This 2018 Swiss rodent study found:
“Our data show that:
- A subset of memory recall–induced neurons in the DG [dentate gyrus] becomes reactivated after memory attenuation,
- The degree of fear reduction positively correlates with this reactivation, and
- The continued activity of memory recall–induced neurons is critical for remote fear memory attenuation.
Although other brain areas such as the prefrontal cortex and the amygdala are likely to be implicated in remote fear memories and remain to be investigated, these results suggest that fear attenuation at least partially occurs in memory recall–induced ensembles through updating or unlearning of the original memory trace of fear.
These data thereby provide the first evidence at an engram-specific level that fear attenuation may not be driven only by extinction learning, that is, by an inhibitory memory trace different from the original fear trace.
Rather, our findings indicate that during remote fear memory attenuation both mechanisms likely coexist, albeit with the importance of the continued activity of memory recall–induced neurons experimentally documented herein. Such activity may not only represent the capacity for a valence change in DG engram cells but also be a prerequisite for memory reconsolidation, namely, an opportunity for learning inside the original memory trace.
As such, this activity likely constitutes a physiological correlate sine qua non for effective exposure therapies against traumatic memories in humans: the engagement, rather than the suppression, of the original trauma.”
The researchers also provided examples of human trauma:
“We dedicate this work to O.K.’s father, Mohamed Salah El-Dien, and J.G.’s mother, Wilma, who both sadly passed away during its completion.”
So, how can this study help humans? The study had disclosed and undisclosed limitations:
1. Humans aren’t lab rats. We can ourselves individually change our responses to experiential causes of ongoing adverse effects. Standard methodologies can only apply external treatments.
2. It’s a bridge too far to go from neural activity in transgenic mice to expressing unfounded opinions on:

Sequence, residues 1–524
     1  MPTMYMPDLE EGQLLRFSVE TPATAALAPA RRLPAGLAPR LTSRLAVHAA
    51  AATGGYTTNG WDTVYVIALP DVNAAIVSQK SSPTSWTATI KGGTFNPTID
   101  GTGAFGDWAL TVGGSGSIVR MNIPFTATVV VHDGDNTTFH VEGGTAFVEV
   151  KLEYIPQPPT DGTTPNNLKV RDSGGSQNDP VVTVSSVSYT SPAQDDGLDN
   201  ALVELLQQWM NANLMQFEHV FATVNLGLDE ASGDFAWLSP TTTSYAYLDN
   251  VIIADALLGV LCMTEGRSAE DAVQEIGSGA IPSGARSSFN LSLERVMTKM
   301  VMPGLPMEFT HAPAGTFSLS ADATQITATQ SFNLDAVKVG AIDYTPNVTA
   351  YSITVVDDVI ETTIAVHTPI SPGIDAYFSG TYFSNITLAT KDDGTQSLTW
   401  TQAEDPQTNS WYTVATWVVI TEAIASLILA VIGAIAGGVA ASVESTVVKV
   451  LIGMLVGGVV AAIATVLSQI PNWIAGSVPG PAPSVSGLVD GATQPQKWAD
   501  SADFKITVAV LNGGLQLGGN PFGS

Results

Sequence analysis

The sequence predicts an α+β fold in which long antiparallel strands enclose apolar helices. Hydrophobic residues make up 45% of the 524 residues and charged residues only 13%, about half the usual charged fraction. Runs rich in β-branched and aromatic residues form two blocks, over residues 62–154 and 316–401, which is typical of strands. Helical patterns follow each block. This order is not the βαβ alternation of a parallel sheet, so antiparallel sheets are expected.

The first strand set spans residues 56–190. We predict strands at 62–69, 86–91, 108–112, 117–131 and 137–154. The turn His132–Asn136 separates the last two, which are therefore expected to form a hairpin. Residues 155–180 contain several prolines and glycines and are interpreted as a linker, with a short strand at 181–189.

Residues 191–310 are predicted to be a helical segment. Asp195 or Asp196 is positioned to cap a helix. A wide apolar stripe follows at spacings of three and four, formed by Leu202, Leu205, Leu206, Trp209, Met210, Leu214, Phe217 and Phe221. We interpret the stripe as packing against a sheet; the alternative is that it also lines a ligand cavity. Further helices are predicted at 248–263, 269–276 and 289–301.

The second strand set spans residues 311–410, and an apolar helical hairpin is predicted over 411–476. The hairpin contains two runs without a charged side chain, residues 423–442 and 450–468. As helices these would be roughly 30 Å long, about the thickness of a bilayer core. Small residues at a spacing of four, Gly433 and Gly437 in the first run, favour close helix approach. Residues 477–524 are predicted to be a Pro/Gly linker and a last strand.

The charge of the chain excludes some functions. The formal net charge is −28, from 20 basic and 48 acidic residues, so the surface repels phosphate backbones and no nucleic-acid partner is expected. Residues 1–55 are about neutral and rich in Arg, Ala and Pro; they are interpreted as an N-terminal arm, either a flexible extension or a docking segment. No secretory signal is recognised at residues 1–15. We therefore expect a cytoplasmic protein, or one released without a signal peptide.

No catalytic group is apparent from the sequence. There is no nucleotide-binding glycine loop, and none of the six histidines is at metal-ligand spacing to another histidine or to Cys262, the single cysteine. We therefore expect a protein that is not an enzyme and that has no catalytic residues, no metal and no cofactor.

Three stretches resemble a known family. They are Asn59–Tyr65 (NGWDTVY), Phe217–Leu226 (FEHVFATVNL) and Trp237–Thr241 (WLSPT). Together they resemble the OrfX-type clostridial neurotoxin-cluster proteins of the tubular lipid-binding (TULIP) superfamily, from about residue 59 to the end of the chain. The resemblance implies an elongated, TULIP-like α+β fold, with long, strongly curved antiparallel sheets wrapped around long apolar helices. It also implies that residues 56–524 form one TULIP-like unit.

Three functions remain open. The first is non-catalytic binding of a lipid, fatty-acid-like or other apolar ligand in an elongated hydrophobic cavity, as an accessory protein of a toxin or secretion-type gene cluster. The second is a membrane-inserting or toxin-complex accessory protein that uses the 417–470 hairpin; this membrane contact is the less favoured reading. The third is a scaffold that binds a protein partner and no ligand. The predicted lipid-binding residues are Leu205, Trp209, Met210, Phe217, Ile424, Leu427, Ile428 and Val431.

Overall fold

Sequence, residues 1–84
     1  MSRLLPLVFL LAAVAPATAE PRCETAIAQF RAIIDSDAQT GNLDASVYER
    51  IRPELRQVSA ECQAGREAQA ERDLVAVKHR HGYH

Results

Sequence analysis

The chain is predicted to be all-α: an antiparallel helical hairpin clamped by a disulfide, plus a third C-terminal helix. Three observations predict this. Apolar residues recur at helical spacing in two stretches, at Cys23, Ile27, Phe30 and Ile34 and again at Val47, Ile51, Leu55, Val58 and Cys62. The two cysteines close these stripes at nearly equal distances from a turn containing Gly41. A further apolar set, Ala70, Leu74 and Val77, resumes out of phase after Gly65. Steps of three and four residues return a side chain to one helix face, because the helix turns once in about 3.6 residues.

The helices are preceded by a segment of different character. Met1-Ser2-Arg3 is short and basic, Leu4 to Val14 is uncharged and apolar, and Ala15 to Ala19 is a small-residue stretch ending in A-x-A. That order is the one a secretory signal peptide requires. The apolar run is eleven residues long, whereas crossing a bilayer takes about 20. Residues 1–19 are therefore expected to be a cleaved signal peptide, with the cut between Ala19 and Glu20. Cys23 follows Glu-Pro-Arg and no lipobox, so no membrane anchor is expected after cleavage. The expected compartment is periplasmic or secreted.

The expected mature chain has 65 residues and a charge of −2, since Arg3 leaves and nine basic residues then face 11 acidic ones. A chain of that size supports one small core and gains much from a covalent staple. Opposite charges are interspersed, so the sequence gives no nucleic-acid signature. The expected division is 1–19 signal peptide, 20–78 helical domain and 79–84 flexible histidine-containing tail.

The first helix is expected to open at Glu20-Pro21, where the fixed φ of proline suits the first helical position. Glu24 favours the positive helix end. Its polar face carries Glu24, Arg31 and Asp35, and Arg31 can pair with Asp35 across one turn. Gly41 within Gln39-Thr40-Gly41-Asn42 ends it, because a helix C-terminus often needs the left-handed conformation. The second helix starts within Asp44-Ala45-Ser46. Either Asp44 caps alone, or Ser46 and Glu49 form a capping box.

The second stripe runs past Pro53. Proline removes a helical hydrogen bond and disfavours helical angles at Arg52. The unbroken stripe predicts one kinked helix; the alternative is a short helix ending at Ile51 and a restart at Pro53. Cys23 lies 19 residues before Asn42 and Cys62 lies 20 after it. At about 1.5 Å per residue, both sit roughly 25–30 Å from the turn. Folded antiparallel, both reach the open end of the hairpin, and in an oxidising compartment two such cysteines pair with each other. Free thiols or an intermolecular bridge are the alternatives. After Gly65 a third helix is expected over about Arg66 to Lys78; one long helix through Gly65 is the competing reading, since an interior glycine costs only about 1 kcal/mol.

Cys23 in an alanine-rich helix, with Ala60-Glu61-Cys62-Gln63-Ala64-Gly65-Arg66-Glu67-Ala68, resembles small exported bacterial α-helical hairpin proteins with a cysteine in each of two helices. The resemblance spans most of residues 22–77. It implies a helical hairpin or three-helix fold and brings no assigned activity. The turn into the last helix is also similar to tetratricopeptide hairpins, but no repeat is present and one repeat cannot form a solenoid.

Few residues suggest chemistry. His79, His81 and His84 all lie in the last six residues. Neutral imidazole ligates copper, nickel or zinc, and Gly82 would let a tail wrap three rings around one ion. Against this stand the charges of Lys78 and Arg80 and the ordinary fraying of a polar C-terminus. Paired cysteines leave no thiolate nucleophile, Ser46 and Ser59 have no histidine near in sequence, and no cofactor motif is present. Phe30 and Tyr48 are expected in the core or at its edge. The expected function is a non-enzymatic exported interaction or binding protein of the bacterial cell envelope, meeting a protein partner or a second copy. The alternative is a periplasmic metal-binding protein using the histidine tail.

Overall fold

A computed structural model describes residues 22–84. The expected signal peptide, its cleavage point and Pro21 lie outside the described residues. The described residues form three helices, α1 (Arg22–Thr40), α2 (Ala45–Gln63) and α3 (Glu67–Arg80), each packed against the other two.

“A physiological correlate sine qua non for effective exposure therapies against traumatic memories in humans.”
Human exposure therapies have many drawbacks, in addition to being applied externally to the patient on someone else’s schedule. A few others were discussed in The role of DNMT3a in fear memories:
- “Inability to generalize its efficacy over time,
- Potential return of adverse memory in the new/novel contexts,
- Context-dependent nature of extinction which is widely viewed as the biological basis of exposure therapy.”
3. Rodent neural activity also doesn’t elevate recall to become an important goal of effective human therapies. Clearly, what the rodents experienced should be translated into human reliving/re-experiencing, not recall. Terminology used in animal studies preferentially has the same meaning with humans, since the purpose of animal studies is to help humans.
4. The researchers acknowledged that:
“Other brain areas such as the prefrontal cortex and the amygdala are likely to be implicated in remote fear memories and remain to be investigated.”
A study that provided evidence for basic principles of Primal Therapy determined another brain area:
“The findings imply that in response to traumatic stress, some individuals, instead of activating the glutamate system to store memories, activate the extra-synaptic GABA system and form inaccessible traumatic memories.”
The study I curated yesterday, Organ epigenetic memory, demonstrated organ memory storage. It’s hard to completely rule out that other body areas may also store traumatic memories.
The wide range of epigenetic memory storage vehicles is one reason why effective human therapies need to address the whole person, the whole body, and each individual’s entire history.
http://science.sciencemag.org/content/360/6394/1239 “Reactivation of recall-induced neurons contributes to remote fear memory attenuation” (not freely available)
Here’s one of the researchers’ outline:
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